Singapore: Surprisingly No Noodles

After such a great day enjoying Armenian food at the Church Food Festival we thought it be nice to have a home cooked meal.  Because making the other home cooked meals so far have been SOOO easy (sense the sarcasm?).  We made our way to the giant world market type supermarket in Maryland.  We picked up a few items to make dinner tonight and for tomorrow (Croatian.)  Tomorrow’s meal had to be marinated over night so it was a perfect time to go.

For tonight’s meal we went something from Singapore.  I came to find that most Singapore cuisine was seafood or curry; however, there is something quite different.  This meal is called Hainanese Chicken Rice.  Haianase chicken rice was named as one of the 50 most delicious foods in the world in 2011 by CNN (http://travel.cnn.com/explorations/eat/worlds-50-most-delicious-foods-067535).  It is considered there national dish as well.

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Knowing it was so popular and not fish, I was sold.  (I always assume the best before making the dish and eating it, little do I know)  Hainanese chicken rice has a only a few steps that include: steeping a whole chicken in sub-boiling water, making a oily rice, and a hot chilli sauce dip.   I came to find this was more difficult than it looks to get that great flavor I am sure is enjoyed all over Singapore.  I also learned that if you put a whole chicken in an ice bath, the food will be cold (No one warned me).

I started by stuffing a whole chicken with ginger and green onion.  Oh let me tell you that I exfoliated a raw chicken for the first time ever before stuffing it.  After exfoliated and stuffed, the chicken was placed in a large pot of water.  It was boiled for a few hours in this giant stock pot.

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After the chicken boiled for a few hours it was immediately thrown in giant ice bath.  I found this completely odd but the reasoning behind this is acceptable.   Putting it in ice makes the cooking process stop and tightens the skin, giving it that crispy feel.  We also kept the broth the chicken was cooked in, as it was used in the cooking of the rice as well.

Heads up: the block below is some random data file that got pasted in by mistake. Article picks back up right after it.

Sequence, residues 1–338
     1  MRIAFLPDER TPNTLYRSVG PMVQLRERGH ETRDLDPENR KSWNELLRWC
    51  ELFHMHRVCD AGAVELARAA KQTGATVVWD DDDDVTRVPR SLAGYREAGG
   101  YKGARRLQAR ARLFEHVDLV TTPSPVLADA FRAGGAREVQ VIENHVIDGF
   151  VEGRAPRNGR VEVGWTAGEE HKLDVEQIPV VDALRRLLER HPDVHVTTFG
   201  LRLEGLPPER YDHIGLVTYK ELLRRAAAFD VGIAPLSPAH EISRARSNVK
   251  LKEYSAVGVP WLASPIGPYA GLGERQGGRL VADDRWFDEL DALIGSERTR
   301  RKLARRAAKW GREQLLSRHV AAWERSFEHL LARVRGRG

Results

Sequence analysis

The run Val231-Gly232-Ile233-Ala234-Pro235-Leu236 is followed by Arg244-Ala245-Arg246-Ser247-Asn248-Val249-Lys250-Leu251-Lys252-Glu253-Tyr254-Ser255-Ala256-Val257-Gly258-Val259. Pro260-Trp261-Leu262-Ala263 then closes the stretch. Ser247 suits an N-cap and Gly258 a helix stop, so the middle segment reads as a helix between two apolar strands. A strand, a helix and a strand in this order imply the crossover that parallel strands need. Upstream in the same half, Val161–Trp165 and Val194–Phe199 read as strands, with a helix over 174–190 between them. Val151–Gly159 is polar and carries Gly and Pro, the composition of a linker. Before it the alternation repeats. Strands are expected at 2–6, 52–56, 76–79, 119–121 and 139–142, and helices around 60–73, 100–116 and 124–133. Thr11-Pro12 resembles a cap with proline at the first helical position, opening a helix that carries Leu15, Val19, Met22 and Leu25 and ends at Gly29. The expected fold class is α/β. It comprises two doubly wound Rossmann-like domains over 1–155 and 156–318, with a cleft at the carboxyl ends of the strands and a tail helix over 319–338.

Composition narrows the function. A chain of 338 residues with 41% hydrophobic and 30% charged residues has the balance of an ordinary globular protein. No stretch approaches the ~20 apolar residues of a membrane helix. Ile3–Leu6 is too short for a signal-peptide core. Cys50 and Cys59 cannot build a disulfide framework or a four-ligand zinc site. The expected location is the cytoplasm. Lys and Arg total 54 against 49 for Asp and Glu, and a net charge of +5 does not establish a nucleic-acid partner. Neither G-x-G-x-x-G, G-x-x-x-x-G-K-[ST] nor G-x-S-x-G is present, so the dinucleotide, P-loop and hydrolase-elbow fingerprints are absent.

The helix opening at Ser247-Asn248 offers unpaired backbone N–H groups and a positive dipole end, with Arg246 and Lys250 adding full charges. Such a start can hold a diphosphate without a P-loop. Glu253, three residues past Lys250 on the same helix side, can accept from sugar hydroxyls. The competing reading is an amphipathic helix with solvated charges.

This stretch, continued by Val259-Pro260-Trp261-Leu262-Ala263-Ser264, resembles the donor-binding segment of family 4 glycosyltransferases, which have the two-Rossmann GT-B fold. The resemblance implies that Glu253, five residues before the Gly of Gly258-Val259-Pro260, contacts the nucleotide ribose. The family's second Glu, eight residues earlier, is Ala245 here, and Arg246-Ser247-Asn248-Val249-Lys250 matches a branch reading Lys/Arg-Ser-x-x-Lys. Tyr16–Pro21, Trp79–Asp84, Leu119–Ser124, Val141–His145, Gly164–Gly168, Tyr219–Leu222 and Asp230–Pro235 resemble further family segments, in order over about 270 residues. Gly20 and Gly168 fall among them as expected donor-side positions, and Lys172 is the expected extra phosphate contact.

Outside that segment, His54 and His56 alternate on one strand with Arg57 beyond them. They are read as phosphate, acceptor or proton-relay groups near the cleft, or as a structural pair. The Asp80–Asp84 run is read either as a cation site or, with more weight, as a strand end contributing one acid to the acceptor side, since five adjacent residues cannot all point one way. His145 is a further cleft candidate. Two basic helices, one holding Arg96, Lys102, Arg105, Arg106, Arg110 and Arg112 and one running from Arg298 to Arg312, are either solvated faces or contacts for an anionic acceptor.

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The hiananese rice was easy to make and used some of the chicken broth after the chicken was done.  The rice was soaked for a few minutes and then thrown in a pot with cooked ginger & garlic.  That aroma was the most enjoyable of this preparation.  The rice was fried for a few minutes and mixed with the chicken broth to cook for about 15 minutes.

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The chicken didn’t have a whole lot of flavor but I found a chili sauce to go with it.  The spicy chili sauce was the saving grace to help revive the chicken.  The sauce was a mix of Sriracha, lime, garlic, ginger, salt, sugar and more of the chicken broth.  The ingredients were thrown in a ninja and pureed into a wonderful sauce.

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As I plated the dish I realized I was taking out chicken of an ice bath, meaning cold chicken.  That was the weirdest part of the meal but the chili sauce intensified the flavors.  The plates were beautiful and looked quite appealing.  On the side of the dish we cut up some cucumber and dipped them in soy sauce.  On top of the chicken we put a pinch of cilantro.

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I always assumed that Singapore was noodles and soups.  Now maybe they do have some food with noodles (which they do have many).  However, this meal was a “national dish” in Singapore and enjoyed from the comfortableness of our couch.

-Matt

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